As she practised a song with her Loose Women co-stars, Brenda Edwards was overcome with grief for her deceased son Jamal Edwards.
The 53-year-old TV star lost her son in February when he had a cardiac arrest at home following a night out. In the music business, Edwards, who passed away at the age of 31, was revered for founding SBTV and launching the careers of some of the biggest British music performers in recent memory.
The support of her coworkers helped Brenda deal with her heartbreaking bereavement when she returned to work on Loose Women earlier this year, and viewers have now really witnessed this. Brenda had previously spoken about how this support helped her deal with her sadness.
Brenda told the cameras that the church she attends sings that particular song, and it makes her think of her late son. “It got me a little bit upset because my son passed away earlier in the year,” she said. ‘‘At the moment, everything is a trigger,” she added.
A preview of Britain Get Singing, in which prominent people band together to form a choir for a head-to-head sing-off, was shown on Friday’s broadcast of the ITV chat programme.
Brenda and other Loose Women cast members were set to perform Simon and Garfunkel’s bridge Over Troubled Water on the show. Brenda, on the other hand, appeared to be overcome with emotion when the song was being practised, and she eventually had to stop as she started crying.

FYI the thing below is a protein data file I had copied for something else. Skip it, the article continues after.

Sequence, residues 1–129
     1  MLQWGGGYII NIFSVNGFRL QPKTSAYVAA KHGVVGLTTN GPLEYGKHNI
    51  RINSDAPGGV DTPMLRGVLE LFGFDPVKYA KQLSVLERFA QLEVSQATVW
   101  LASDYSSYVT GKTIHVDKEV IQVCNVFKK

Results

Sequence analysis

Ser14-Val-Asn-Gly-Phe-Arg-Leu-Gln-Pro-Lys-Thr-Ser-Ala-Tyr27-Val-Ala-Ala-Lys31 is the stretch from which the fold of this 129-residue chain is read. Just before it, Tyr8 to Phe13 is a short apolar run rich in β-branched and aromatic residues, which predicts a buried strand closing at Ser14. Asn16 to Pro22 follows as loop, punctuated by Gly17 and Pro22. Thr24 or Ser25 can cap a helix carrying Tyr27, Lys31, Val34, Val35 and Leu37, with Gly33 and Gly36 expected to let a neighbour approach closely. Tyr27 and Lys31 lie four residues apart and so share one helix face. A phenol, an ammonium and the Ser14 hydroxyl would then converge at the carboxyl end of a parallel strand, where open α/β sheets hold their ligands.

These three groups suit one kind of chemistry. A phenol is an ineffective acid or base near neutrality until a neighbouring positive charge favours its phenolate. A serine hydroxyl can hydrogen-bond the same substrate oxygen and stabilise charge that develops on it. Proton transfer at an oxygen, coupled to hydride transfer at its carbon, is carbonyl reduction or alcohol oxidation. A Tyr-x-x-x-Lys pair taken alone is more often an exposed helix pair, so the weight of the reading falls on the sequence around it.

Linda Robson, a fellow panellist, comforted the distraught mother by encircling her in her arms as she wailed.
‘I’m doing this in honour and in memory of my son Jamal. I’ve had a tough year, and talking to the ladies was very comforting. I’m very grateful that I have them as a unit around me,” the grieving mother stated.
In a recent interview with Metro.co.uk, Brenda claimed that although her son’s death left ‘a big hole’ in her life but insists she still feels his presence and he has ‘not gone anywhere.’ The TV personality was up about the “overwhelming” emotions she’s been experiencing and said she still “doesn’t know” how to describe them.
‘‘I don’t know how I’m feeling. I’ve got to find a word for that because I keep being asked and I honestly don’t know how I’m feeling. I’m feeling… sad. I’m feeling joyous, I’m feeling overwhelmed, I’m feeling proud. Mostly, I’m feeling upset,’’ she said.